Main symptoms: Dead patches of brown tissue on leaves and stems, often covered in orange spores. ‘Corkscrewing’ of leaf stalks.
Lupin anthracnose is a fungal disease of the leaves and stems. It is spread from plant to plant by rain-splashed spores, and is therefore particularly damaging in wet weather. Affected plants are not usually killed, but can become very unsightly as a result of severe leaf-spotting and dieback.
Lupins suffering from lupin anthracnose will look unsightly;
- Brown areas of dead tissue (necrotic lesions) on leaf blades, leaf stalks, stems, flower stalks and seed pods
- Under wet conditions the fungus produces a slimy mass of orange-coloured spores on the surface of the affected areas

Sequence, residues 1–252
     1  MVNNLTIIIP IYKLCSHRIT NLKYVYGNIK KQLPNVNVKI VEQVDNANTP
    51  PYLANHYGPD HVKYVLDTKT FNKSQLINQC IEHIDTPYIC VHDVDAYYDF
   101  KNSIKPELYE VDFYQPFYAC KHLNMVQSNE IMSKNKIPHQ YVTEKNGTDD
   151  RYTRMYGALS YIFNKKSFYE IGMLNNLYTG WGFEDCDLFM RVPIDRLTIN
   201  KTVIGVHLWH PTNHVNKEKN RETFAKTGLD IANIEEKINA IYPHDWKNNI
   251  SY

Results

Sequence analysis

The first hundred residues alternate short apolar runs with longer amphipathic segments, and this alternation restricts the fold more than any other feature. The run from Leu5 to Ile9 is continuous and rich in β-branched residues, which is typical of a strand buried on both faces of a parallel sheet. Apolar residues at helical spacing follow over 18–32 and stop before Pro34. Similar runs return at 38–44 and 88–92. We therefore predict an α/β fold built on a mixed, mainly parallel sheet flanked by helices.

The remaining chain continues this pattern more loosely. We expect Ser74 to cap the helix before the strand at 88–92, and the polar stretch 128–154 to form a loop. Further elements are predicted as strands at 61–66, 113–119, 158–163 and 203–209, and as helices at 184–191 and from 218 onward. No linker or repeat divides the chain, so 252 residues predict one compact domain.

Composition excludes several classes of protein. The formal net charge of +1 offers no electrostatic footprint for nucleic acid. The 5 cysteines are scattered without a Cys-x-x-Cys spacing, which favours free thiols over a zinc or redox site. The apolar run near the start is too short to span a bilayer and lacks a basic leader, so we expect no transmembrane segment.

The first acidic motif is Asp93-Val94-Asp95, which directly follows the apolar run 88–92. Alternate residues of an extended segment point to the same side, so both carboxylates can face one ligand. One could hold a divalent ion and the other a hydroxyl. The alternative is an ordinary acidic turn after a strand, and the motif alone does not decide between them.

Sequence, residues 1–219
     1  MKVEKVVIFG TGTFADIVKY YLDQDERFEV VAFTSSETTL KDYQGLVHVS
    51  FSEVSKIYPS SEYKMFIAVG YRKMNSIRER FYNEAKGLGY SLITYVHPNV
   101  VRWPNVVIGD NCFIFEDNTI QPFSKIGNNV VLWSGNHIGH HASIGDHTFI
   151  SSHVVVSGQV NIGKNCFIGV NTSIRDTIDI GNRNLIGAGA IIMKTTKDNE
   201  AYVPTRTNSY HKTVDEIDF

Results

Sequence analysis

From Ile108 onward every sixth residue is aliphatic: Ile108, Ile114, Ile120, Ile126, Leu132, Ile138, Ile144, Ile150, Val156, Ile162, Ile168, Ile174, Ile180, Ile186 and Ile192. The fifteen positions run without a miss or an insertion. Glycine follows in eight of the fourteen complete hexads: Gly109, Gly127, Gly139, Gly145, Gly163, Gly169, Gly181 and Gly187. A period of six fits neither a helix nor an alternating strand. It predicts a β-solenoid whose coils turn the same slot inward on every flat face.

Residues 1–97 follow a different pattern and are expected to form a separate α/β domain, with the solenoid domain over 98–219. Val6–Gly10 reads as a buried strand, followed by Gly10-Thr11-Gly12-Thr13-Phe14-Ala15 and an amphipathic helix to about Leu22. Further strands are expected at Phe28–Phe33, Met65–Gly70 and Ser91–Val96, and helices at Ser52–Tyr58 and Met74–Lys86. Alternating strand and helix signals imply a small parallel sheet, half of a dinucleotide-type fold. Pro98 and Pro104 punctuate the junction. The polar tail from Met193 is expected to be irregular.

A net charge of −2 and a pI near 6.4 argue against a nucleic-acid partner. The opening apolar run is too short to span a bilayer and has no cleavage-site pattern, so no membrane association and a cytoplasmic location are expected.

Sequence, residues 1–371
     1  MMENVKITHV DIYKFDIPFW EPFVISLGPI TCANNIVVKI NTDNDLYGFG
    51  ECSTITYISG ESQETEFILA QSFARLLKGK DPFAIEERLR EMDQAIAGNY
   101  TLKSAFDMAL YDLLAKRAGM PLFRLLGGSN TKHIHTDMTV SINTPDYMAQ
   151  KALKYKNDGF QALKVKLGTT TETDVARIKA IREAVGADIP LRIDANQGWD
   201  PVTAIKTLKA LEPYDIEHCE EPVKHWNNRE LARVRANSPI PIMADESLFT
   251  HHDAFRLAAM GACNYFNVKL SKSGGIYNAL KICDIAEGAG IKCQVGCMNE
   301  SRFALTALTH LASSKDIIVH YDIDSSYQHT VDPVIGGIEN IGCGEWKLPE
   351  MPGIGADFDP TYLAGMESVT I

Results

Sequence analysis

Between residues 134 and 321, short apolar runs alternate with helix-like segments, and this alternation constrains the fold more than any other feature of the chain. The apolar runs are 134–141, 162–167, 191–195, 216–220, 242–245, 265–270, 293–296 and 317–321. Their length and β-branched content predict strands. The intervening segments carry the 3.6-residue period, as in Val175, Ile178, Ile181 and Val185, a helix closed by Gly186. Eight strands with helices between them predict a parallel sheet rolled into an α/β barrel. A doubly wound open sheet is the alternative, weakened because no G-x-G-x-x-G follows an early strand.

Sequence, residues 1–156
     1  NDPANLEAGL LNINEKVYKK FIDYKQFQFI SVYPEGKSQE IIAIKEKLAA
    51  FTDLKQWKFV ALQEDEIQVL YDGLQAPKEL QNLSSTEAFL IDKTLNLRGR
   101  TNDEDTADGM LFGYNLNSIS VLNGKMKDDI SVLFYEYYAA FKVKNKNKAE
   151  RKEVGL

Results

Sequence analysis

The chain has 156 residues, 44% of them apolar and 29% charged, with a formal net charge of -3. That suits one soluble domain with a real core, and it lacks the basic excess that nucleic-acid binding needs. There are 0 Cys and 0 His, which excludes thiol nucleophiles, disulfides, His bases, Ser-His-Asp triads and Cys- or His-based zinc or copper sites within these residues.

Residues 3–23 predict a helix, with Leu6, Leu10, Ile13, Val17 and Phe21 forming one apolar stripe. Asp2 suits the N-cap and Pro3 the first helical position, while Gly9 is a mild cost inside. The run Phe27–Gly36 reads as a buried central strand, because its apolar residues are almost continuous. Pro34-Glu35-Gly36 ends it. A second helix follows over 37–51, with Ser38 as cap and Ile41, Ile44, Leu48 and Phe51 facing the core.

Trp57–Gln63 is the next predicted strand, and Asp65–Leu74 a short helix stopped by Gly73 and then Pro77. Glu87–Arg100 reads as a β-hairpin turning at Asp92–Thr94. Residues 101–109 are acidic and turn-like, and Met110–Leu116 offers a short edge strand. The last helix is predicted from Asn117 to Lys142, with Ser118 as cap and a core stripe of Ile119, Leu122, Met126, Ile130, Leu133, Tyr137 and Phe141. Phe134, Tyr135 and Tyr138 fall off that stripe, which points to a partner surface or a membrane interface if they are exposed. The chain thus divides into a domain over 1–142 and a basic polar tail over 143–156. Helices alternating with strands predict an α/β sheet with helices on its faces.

- Affected leaf stalks will sometimes coil several times to give a ‘corkscrew’ appearance, which is very characteristic of anthracnose
- Severely affected leaves may shrivel and turn brown
- The growth of stems and flower stalks may become distorted, or they may collapse completely, due to points of weakness caused by the lesions
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